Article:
SQL Centre of Excellence

Often we have advised customers wanting performance out the their Analysis Services engines, be that MOLAP, Tabular or PowerPivot, to avoid the public cloud offerings by Microsoft and in some cases even avoid virtualisation on premise.

What - Why shouldn’t we virtualise Analysis Services?

The issue is not so much the virtualisation products like Azure, Hyper-V or VMware. All  these products have no problem running Analysis Services virtualised with little overhead compare to a physical server. The days of consultants and naysayers saying the “virtualisation” is the bottleneck are largely gone or moved to extreme scale cases.

The real problem stems from the choice of hardware for the host server. This is a gross over simplification, but basically we can buy two different types of servers:

1. Very fast PC/servers with a small number of cores and excellent single threaded and memory performance. Think your one socket almost 4Ghz beast you play games on with SSDs and 1,800+ FSB. Maybe something like Aarons Bertrand's new toy http://www.sqlperformance.com/2014/01/system-configuration/justifying-the-new-mac-pro
mac_pro_a

2. Servers with high capacity, lots of cores and much slower CPU and memory performance. Think your four NUMA node, 1.9 Ghz  80 core virtualisation host with 800 FSB ram speed and ahem “Power Saving” features to slow the CPU down some more!

Guess which type of server people typically buy for virtualisation projects and guess which type suits the CPU and memory intensive workloads of Analysis Services?

I discuss hardware selection for Analysis Services more in this blog here:

http://blogs.prodata.ie/post/Selecting-Hardware-for-Analysis-Services-(10GB-1TB-size).aspx

Some of my customers have fixed this problem by deploying “high compute” pods within their VMware infrastructure specially suited to the single threaded sensitivity of Analysis Services, but sadly the Microsoft Azure IaaS offerings have very much historically been “one size” fits clock from a compute performance perspective.(ram and core counts do vary).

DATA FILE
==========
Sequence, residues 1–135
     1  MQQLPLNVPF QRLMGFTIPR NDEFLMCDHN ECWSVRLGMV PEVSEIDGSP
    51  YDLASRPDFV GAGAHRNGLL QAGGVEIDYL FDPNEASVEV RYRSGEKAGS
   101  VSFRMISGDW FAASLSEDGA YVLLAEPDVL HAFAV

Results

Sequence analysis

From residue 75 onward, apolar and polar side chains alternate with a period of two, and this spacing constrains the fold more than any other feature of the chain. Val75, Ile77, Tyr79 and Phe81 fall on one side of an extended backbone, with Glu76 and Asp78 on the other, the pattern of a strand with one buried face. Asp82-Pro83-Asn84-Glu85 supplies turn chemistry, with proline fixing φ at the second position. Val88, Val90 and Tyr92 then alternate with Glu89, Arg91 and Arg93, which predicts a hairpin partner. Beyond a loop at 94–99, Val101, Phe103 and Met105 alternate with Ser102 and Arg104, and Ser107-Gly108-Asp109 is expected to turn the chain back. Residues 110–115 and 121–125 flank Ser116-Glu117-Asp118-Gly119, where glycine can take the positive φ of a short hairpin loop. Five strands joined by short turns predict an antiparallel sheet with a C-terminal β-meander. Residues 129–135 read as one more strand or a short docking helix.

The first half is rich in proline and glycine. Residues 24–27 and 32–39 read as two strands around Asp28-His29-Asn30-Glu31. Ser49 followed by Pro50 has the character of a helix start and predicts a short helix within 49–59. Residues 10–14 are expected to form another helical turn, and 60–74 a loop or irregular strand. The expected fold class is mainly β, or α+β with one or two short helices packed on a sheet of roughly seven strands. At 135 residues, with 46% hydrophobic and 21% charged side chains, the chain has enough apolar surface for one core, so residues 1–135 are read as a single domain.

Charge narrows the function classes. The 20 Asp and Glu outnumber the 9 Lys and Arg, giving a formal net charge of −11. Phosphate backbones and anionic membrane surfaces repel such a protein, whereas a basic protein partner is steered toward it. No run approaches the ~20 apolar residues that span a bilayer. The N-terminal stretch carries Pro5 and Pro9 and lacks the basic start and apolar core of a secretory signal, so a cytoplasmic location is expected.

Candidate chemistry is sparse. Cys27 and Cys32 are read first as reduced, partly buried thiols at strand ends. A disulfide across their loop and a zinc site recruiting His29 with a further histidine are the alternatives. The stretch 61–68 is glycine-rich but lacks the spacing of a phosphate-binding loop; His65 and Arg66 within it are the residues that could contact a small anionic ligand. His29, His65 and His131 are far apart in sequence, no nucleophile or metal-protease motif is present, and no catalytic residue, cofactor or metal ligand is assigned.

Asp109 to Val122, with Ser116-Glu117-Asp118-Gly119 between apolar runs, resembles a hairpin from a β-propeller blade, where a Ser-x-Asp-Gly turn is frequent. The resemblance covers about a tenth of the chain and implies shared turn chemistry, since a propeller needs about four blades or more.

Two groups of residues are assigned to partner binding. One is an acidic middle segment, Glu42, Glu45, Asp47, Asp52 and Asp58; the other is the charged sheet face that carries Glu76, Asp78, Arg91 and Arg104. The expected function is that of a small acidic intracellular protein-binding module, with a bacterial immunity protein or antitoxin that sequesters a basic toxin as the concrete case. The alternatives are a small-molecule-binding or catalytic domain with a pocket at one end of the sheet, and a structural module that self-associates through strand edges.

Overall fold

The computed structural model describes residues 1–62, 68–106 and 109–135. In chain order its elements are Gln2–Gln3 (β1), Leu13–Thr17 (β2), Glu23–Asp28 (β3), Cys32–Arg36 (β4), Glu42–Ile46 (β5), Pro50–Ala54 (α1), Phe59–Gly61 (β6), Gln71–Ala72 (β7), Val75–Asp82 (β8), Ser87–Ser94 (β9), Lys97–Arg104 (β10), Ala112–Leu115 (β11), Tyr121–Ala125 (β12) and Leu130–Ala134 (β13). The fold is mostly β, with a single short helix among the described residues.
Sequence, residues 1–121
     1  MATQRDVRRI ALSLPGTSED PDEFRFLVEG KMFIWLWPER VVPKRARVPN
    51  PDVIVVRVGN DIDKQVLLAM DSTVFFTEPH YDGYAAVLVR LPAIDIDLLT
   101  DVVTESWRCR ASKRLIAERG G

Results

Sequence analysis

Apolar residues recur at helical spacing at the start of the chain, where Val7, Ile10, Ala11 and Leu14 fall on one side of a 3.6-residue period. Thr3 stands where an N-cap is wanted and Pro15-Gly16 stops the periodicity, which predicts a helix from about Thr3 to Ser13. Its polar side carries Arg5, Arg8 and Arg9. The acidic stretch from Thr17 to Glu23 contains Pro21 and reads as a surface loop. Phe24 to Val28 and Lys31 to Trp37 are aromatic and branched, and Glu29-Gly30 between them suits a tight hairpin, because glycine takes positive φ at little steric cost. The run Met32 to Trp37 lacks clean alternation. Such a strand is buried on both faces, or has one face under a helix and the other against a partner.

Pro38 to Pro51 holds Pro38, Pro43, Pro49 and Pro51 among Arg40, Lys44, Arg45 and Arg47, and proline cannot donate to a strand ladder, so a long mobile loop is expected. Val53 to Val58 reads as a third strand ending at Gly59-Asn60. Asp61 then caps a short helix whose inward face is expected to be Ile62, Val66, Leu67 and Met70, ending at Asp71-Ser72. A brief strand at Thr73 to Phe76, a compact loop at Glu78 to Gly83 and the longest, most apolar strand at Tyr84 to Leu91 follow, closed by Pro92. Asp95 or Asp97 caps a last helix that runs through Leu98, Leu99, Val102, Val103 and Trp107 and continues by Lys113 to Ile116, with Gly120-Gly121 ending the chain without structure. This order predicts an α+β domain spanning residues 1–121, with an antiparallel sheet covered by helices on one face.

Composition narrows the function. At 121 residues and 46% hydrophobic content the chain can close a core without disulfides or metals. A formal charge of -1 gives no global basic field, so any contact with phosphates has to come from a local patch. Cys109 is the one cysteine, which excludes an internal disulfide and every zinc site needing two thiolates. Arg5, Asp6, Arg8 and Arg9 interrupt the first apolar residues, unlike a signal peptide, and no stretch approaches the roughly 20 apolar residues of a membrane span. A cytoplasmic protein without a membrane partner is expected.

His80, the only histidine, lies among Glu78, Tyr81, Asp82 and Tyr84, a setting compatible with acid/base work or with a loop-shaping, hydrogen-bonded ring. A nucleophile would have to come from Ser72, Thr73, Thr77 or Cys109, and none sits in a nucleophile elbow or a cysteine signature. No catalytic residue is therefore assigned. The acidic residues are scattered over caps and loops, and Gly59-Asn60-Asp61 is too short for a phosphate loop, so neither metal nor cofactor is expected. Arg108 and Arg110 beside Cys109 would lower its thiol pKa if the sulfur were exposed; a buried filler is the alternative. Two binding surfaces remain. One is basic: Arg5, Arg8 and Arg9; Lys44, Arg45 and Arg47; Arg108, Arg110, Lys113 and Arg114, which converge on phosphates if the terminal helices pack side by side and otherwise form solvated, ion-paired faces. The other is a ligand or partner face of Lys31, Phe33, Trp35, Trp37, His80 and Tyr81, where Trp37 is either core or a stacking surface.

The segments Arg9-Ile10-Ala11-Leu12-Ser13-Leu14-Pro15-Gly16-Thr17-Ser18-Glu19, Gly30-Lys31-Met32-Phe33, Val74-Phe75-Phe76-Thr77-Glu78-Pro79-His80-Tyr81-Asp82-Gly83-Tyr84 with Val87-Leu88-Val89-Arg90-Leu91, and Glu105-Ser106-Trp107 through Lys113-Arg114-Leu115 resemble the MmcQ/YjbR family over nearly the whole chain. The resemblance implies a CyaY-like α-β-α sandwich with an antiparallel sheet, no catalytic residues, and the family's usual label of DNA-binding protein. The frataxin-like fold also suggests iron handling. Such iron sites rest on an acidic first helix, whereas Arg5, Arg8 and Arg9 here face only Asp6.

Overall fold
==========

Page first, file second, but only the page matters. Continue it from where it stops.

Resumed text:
Just to be clear there is nothing stopping you from virtualising SSAS workloads right now and I’m sure some people have and are quite happy with the “adequate” performance they get. However performance is often an implicitly stated requirement and customers may not be happy when the “production” solution runs slower than say my 1,000 euro notebook or my old desktop.

So what is Changing, Enter “Big Compute”

After initially tackling the broader workload of web applications and OLTP, Microsoft is now starting to look deeply at analytical workloads in the cloud, both with its platform offerings and also by starting to provide VM servers aimed at high compute workloads.

http://msdn.microsoft.com/library/windowsazure/dn594431.aspx

What does “Big Compute” actually mean. Well something like this:

  • Intel Xeon E5-2670 2.6 Ghz CPU
  • 16 cores
  • 112GB DDR3-1600 Mhz RAM
  • 40 Gbps back end connectivity (wow!)

Some limitations

  • This is only available in EU West (Amsterdam).
  • This is only available for PaaS, it is not available as a IaaS image for you to install SQL Server.

Obviously I am hoping that these limitations lift eventually so we can put Tabular models and SSAS in the cloud without the embarrassing massive drop in performance when compared to our laptops..

Call to action – ask Microsoft to:

  • Offer “small compute” images. I want an 4/8 core VM with 1,600 FSB and 2.8+ Ghz CPU with 64-128GB ram.
  • Offer the “Big Compute” images for IaaS and customers with analytics workloads on SSAS.  Big compute is not just for HPC nerds guys!!
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